Among the benefits of having a pet are joy and stress relief
When AS symptoms flare, quirky cats come to the rescue
One of the lovable and hilarious parts of owning a pet is their funny quirks and characteristics. We have two rescue cats, and the brother of the pair, Fudge, has a very odd but endearing habit when he’s playing with his toys in the living room. With his eyes wide open and his tail puffed like a squirrel, he’ll bat a toy mouse around the floor for a minute or two, then stuff it into his mouth like a dog carrying a ball.
Then comes the strange part: He carries the tiny velvet mouse over to his water bowl and dunks it underwater, pushing it around for a wash with his paw. Fudge then happily fishes his toy out of the water and carries it off proudly, while his feline sister, Cookie, looks on, puzzled.
Meanwhile, I watch the antics of our pets in silent hilarity, trying not to laugh out loud, which would abruptly end the comedy acts playing out on a daily basis in our living room. No matter how much discomfort I’m in, how frustrating my day’s been, or how little sleep I’ve had, our two sweet cats never fail to make me feel better.
Pets increase happiness and relieve stress
When my AS is flaring or I’m feeling particularly stiff and painful, I’ll try to get a little more rest than usual during the day. Putting my feet up on the couch and supporting my back with cushions can feel more comfortable for my sacroiliac joints than standing or lying flat (at least for a while).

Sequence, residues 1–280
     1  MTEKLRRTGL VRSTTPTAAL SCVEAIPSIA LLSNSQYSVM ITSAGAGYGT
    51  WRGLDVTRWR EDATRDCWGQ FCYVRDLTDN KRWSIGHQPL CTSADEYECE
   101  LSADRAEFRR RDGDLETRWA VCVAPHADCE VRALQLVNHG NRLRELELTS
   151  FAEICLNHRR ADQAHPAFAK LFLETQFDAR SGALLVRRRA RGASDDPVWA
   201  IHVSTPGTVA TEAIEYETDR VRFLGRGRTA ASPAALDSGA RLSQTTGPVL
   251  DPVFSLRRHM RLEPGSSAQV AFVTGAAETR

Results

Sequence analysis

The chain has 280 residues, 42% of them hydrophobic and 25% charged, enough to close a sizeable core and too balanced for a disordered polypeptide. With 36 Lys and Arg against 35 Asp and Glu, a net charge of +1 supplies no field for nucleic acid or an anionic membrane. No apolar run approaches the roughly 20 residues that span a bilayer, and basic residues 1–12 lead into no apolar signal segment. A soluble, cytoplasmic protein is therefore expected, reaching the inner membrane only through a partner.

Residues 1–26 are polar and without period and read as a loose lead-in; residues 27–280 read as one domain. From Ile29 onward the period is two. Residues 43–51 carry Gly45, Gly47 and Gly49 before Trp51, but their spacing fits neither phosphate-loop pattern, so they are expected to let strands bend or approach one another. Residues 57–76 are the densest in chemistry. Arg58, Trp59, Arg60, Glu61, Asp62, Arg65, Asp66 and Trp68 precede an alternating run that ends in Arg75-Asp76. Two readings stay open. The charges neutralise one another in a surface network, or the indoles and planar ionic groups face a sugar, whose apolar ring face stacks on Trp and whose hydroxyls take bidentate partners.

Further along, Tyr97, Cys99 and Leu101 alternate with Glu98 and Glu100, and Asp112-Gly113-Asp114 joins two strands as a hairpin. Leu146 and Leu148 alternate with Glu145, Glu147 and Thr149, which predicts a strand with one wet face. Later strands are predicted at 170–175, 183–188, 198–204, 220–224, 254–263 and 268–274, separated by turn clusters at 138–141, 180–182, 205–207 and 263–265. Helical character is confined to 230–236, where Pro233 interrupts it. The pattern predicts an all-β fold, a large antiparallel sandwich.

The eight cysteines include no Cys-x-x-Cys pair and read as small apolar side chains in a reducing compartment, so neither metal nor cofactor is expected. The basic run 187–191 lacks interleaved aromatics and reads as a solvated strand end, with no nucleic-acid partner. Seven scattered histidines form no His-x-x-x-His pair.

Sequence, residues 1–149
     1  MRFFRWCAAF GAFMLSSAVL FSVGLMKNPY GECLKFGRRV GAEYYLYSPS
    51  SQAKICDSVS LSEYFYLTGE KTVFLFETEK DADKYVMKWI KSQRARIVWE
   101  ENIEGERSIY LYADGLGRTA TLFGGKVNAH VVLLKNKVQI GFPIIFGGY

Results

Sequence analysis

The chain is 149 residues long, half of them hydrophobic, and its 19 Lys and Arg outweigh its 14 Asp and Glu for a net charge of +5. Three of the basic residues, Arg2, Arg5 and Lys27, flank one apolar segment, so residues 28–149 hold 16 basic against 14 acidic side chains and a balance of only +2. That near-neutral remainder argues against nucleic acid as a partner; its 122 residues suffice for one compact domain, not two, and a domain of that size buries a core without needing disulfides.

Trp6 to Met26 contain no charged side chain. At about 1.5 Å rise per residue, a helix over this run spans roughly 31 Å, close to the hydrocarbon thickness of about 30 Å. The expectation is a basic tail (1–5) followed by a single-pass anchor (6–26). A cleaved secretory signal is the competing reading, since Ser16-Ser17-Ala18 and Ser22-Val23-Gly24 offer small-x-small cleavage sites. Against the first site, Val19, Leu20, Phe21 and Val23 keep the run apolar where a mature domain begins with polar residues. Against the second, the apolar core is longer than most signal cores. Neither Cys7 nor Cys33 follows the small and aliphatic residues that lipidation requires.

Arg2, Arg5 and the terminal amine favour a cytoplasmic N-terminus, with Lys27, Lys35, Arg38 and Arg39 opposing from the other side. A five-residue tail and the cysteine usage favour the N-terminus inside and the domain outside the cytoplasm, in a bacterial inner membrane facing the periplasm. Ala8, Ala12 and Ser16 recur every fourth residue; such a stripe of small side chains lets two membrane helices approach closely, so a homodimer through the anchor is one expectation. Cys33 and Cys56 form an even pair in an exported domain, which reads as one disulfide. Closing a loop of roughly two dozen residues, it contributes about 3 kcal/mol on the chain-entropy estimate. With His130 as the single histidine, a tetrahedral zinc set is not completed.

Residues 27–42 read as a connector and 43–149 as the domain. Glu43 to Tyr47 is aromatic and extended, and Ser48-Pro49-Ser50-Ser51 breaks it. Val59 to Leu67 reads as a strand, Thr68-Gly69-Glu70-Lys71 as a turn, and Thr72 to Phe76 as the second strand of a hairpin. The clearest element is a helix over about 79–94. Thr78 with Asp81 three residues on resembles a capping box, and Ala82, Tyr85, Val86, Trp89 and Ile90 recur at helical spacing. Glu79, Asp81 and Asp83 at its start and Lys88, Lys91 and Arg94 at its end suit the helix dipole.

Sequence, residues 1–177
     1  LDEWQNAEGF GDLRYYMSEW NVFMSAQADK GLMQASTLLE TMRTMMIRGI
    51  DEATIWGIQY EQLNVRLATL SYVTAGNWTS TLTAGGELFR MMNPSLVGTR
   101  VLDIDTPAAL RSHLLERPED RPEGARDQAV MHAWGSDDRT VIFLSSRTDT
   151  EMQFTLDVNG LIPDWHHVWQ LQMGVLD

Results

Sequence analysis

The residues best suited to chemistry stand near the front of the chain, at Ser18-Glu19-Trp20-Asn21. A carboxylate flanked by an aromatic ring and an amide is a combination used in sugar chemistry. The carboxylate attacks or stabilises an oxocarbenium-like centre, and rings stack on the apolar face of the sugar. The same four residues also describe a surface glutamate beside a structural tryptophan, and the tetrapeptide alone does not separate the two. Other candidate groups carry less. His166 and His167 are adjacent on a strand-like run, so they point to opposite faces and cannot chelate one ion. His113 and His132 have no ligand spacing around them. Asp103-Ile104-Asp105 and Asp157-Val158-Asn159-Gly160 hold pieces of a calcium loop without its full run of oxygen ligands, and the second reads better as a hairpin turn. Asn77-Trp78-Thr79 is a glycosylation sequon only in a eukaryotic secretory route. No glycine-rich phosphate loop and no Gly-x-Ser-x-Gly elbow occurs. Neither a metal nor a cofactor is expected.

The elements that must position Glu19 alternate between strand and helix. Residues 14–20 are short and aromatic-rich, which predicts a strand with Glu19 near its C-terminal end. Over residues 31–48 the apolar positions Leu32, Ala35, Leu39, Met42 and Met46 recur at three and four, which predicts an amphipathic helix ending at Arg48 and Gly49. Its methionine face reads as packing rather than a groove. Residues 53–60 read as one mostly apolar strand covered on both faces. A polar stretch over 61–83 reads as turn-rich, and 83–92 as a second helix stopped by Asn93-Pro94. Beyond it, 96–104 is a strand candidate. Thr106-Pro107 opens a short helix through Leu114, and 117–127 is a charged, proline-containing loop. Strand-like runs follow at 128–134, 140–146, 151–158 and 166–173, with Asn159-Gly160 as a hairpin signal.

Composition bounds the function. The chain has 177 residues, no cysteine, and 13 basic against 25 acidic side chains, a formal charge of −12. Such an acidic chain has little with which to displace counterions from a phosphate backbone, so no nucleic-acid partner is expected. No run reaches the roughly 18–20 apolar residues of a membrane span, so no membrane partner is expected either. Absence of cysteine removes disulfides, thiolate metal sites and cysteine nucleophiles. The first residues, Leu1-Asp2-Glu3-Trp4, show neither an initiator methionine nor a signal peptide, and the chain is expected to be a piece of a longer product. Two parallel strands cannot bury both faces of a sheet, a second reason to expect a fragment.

Though I might be feeling exhausted from a lack of sleep and weighed down by the fatigue that often accompanies AS, nothing makes me feel instantly happier and calmer than running my hands along the soft flank of a purring cat curled up beside me. It’s like furry therapy.
Having a chronic and painful disease like AS can make me feel mentally low or overwhelmed at times, but stroking or playing with a pet never fails to lift my mood. Discussing the overwhelmingly positive influence of pets on mental health, Rebecca Brendel, president of the American Psychiatric Association, explains that “the animals we bring into our lives and our families play many roles, from nonjudgmental companions that we love to key partners in reducing our stress and anxiety.”
Luckily, our cats don’t care if I’m feeling grumpy or antisocial because my AS symptoms are bothering me. Normally, I’m a pretty outgoing and bubbly person, but the constant burning of my sacroiliac joints can make my patience grow thin and my brain sluggish, and I’ve noticed I tend to avoid social situations and small talk at times like that.
But I never grow tired of the gentle companionship and unconditional love from our cats — with the added bonus that I don’t feel pressure to think of witty comments or funny stories like I do when I’m talking to a human.
Does AS give me the energy to care for a pet?
The only time I struggled with pet ownership was when Cookie became ill as a kitten. She needed daily medication, and I had to clean her long fur, mop the floors, and change her bedding several times a day. Looking after a sick pet, plus two small children, a husband who also has AS, and my own AS symptoms was quite challenging.
As amazing as having a pet can be, it’s important to weigh the needs of that pet (luckily our cats are normally a breeze to look after) with our physical and financial ability to look after them. For our family, cats are perfect because they’re quiet and fairly self-sufficient. However, I can’t guarantee that I’d have the physical ability to exercise a high-energy dog if I were having an AS flare.
Living with a pet offers real health benefits, from improving our mood to keeping us mobile. Whether you’ve got a cat, a dog, or another animal that brings you joy and companionship, I’ll bet you agree that they offer more than just cuteness. They’re a comedy act, stress relief, and a best friend all rolled into one furry package.
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